Diesel prices hit a new record high of 151.21p in Britain

Price of diesel hits a new record high of 151.21p, piling more misery onto businesses and families facing a cost of living crisis

  • Thursday’s average diesel prices eclipsed the previous UK record set last year
  • Petrol is now just 0.05p per litre shy of the existing record, the AA warns
  • Drivers in London, the South East and East Anglia are this week already paying above the UK average record for a litre of unleaded
  • Motoring group warns higher diesel prices will ‘ramp up inflationary pressure’

The price of diesel at the pumps has hit a new record high, it has been confirmed this morning.  

The average for a litre of diesel hit 151.21p-a-litre on Thursday 10 February, which eclipses the previous all-time record high of 151.1p set on 20 November 2021, according to the latest industry data from Experian Catalist for the AA.

Petrol prices are also now just 0.05p per litre shy of the existing record, set last November, with average prices hitting 147.67p, the motoring group adds.

It says the spiraling cost of filling up will pile more misery on motorists facing a cost of living crisis by also add pressure to businesses, many of which are dependent on diesel-powered trucks and vans on our roads. 

Diesel prices hit a new record high: The UK average for a litre of diesel hit 151.21p-a-litre on Thursday, which eclipses the previous high of 151.10p set on 20 November last year

While average unleaded prices are not quite breaching previous record levels, the AA reports that the cost of petrol is already higher than 147.72p – the highest price on 21 November – in London, the South East and East Anglia.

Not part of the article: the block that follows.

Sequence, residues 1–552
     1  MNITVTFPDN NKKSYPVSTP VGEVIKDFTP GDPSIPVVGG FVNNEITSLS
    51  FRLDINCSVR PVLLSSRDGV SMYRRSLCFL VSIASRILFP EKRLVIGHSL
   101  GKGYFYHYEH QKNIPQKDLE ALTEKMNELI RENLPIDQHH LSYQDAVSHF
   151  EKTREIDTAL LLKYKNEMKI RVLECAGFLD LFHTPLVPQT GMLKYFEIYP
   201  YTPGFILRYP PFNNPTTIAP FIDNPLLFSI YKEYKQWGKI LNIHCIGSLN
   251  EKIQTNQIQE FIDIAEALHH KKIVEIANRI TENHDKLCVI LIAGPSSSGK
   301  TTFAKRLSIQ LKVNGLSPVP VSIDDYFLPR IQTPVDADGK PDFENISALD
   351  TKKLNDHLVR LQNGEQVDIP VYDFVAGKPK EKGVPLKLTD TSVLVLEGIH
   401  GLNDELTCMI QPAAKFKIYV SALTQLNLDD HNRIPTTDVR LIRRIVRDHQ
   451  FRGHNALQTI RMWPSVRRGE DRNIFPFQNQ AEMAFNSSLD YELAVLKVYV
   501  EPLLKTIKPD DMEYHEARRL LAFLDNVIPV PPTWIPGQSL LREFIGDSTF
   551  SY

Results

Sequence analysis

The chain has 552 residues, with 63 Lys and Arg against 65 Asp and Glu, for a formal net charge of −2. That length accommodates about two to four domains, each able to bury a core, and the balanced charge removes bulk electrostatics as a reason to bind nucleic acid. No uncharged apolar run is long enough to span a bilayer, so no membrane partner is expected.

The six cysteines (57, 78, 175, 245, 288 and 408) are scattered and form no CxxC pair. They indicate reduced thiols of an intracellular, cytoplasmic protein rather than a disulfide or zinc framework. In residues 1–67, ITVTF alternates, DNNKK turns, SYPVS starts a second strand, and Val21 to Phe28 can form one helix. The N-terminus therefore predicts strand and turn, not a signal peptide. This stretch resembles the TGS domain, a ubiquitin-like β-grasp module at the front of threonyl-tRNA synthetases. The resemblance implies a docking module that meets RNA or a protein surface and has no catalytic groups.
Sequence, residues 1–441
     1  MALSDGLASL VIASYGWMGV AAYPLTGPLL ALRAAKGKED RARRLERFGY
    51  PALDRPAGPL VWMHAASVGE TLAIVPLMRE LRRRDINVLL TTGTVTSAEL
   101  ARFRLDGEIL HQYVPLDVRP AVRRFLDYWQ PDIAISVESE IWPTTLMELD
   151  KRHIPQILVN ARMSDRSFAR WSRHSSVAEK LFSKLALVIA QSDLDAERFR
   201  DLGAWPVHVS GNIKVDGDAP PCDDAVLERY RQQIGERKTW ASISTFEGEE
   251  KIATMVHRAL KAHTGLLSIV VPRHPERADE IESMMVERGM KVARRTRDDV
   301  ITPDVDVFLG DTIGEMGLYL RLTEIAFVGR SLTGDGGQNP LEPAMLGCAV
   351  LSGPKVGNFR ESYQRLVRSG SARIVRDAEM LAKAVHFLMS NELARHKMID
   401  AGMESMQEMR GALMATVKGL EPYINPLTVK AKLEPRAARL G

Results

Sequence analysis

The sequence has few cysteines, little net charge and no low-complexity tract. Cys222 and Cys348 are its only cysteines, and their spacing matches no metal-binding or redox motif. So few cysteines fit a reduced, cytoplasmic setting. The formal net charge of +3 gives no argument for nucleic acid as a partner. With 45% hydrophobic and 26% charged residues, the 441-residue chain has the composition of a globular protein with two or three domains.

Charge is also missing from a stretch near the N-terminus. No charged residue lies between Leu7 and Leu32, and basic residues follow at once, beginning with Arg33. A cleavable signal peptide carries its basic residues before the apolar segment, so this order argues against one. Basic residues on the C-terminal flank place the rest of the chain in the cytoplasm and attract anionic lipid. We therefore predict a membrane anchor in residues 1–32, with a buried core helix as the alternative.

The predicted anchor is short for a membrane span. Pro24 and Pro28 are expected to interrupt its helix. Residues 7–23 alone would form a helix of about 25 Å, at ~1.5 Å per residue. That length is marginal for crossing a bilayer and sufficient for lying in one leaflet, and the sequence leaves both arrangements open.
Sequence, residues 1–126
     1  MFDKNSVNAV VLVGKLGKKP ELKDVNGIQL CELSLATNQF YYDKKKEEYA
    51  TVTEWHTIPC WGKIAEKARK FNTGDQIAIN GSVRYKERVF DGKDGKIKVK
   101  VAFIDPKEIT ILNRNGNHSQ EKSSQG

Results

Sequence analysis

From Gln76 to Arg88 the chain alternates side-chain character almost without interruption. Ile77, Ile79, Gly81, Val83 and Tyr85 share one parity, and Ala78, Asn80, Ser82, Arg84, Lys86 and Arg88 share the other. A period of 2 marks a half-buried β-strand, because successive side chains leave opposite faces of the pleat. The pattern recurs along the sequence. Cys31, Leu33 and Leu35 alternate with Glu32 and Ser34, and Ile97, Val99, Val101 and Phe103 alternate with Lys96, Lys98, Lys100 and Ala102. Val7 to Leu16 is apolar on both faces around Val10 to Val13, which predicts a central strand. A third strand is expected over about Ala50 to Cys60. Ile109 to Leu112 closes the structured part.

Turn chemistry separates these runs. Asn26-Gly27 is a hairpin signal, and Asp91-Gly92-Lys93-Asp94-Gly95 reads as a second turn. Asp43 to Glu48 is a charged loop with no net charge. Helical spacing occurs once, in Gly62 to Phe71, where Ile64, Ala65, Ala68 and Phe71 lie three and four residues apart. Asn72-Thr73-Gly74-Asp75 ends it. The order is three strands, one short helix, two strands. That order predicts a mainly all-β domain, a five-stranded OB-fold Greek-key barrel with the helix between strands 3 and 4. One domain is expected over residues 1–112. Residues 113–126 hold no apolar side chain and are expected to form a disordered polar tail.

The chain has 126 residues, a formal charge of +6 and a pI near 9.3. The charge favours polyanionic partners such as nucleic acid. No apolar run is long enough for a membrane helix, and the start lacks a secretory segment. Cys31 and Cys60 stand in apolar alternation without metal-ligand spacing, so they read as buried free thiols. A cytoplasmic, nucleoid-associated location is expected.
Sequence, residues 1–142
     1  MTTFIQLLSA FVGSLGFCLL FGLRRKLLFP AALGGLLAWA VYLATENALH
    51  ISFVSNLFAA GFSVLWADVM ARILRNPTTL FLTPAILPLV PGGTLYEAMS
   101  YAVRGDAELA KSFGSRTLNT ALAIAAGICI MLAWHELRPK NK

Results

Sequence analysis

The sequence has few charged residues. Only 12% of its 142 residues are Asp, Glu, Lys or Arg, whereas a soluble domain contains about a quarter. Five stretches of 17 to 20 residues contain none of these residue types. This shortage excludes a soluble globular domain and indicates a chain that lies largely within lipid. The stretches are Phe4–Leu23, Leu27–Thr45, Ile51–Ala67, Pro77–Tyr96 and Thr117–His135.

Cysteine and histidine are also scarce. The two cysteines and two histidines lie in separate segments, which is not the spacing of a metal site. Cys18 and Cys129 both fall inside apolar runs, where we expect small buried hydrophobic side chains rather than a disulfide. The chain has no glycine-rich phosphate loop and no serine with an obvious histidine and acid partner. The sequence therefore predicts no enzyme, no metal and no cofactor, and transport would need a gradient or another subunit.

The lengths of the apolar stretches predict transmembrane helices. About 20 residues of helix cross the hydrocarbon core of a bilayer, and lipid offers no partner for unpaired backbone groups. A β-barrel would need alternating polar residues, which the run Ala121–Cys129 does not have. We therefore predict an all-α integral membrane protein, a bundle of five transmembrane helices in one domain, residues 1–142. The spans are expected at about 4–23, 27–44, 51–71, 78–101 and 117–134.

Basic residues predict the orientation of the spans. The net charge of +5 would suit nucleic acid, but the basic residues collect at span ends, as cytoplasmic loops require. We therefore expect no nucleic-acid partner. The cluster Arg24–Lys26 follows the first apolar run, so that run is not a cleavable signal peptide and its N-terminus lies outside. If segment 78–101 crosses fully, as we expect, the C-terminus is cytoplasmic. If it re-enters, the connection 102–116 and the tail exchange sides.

The new surge in fuel prices comes as the cost of oil grows, with Brent crude topping $93 a barrel earlier this week. 

While this has pushed diesel pump prices back to record levels, the AA says the commodity price of petrol is not increasing at the same speed as oil. 

However, it warns this will come in the spring ahead of the start of the summer motoring season and higher petrol demand, particularly in the US. 

It comes as Britain faces rising energy prices and a major squeeze on household budgets, which has seen UK inflation hit a 30-year high.  

January figures released next week are set to show that the core consumer prices index will have moved higher to 5.5 per cent and last week the Bank of England warned inflation could reach 7.25 per cent in April in the wake of the increase to the energy price cap that kick in that month. 

There is no relief for the UK motorist in the short-term 

Luke Bosdet, AA fuel price spokesman 

The record-high cost of petrol and diesel will be another stranglehold on family finances, with drivers seeing little respite from soaring pump costs for the last few months. 

Motoring groups have for weeks been criticising fuel retailers for not immediately passing on lower wholesale costs – certainly not as quickly as they hike them when commodity prices increase.

Yet fuel businesses have argued that their pricing is more complicated, pointing out that their own costs – from things like wages and energy – have also increased and therefore must be reflected at the pumps. 

Luke Bosdet, AA fuel prices spokesman, said: ‘Businesses warned this week that they have no option but to pass on higher costs to consumers.

‘The latest jump in the price of diesel, the workhorse fuel of business and haulage, ramps up that inflationary pressure even more.’

He told This is Money: ‘The fact that petrol prices could have been even worse is scant comfort for drivers, who are also under threat from other inflation and council and government-driven increases in taxes such as the Workplace Parking Levy.

‘It is also documented that the fuel trade has been increasing its margins. 

‘There is no relief for the UK motorist in the short-term.’


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